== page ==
To get a closer look at these trends, the team split their findings into two different types of human disturbance. One of these factors was the impact on human development: the things that people build, such as roads, homes, and farmland. The other is the mere presence of humans, including activities such as entertainment and hunting, because fear of humans can change an animal’s behavior and its use of space.
When comparing continental data from camera trap sites with varying levels of human evolution, the researchers found that bears, lynx, wolves and wolverines are generally less likely in more developed areas and less active when they visit. Elk and martins were also less active in regions with a higher developmental footprint.
Meanwhile, raccoons and white-tailed deer were previously stuck in more developed areas and were more active in these spaces. Elk, deer, striped skunks, red foxes, cats, wolves, and cougars are unlikely to be found in the evolving landscapes, but they were most active in these areas.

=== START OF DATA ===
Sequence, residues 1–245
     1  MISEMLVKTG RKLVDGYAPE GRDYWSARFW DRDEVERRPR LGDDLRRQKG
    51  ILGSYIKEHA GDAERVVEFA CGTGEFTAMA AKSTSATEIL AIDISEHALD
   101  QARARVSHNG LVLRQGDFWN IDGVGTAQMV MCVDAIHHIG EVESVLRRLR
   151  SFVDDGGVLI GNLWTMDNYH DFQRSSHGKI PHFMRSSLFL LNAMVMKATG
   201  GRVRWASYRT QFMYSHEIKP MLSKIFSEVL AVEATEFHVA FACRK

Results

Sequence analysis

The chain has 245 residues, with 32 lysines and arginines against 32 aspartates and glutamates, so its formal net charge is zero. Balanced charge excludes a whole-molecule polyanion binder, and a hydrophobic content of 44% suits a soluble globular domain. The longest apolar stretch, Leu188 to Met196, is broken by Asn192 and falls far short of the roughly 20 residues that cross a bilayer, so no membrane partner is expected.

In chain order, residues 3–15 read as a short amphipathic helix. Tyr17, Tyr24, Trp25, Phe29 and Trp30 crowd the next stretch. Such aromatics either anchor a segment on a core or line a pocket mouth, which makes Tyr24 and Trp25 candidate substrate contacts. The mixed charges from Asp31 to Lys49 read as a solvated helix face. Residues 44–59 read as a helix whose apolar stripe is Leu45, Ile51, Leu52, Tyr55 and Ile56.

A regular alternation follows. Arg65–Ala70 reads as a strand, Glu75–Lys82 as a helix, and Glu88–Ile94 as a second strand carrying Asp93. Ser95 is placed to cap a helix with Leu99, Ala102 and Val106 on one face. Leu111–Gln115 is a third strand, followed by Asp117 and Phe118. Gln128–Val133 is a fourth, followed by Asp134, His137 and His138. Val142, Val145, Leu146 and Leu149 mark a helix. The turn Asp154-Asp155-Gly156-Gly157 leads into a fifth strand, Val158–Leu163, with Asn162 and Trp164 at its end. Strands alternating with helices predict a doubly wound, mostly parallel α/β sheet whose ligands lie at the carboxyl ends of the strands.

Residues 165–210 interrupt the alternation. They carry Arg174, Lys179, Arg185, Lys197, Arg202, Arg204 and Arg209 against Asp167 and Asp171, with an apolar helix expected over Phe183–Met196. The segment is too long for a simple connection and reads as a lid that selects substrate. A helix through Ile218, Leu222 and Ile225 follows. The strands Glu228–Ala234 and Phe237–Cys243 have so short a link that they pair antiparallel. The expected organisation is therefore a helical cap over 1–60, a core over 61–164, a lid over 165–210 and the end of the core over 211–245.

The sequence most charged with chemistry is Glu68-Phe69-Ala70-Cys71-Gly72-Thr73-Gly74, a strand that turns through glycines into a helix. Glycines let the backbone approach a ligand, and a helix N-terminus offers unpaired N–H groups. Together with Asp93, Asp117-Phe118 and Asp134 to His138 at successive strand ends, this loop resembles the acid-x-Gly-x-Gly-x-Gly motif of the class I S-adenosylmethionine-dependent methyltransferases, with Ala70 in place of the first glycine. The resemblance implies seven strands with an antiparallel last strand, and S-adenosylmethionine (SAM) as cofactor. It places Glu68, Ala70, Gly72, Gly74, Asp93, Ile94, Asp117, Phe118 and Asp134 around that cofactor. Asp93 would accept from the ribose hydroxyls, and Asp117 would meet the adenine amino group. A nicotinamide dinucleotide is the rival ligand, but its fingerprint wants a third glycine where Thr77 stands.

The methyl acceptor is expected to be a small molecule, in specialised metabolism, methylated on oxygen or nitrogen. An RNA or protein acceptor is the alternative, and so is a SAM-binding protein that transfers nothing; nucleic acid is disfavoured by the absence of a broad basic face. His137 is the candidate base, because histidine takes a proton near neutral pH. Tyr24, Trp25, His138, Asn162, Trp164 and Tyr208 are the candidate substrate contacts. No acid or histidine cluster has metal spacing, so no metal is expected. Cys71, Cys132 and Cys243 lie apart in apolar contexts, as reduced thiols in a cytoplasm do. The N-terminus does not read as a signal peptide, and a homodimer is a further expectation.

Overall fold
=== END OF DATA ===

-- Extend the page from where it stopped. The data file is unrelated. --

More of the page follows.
Some species that repeat in more developed regions may benefit from living in these places, but the study’s lead author, Justin Suracy, a senior scientist at Conservation Science Partners and a former postdoctoral fellow at the University of California, Santa Cruz says that’s not necessarily. the case. While raccoons can thrive in developed regions by finding food in our litter boxes and avoiding predators, a higher rate of activity by cougars in the same places could mean something entirely different.
“Not because these advanced areas are really good for Puma,” said Soraci. “It is likely that the reason for this is that the camera traps are positioned in a single track that a poor cougar can use as he works his way through a very advanced scene.” In other words, some of the animals in the study may be active or increasingly present on cameras close to human evolution just because few natural habitats remain.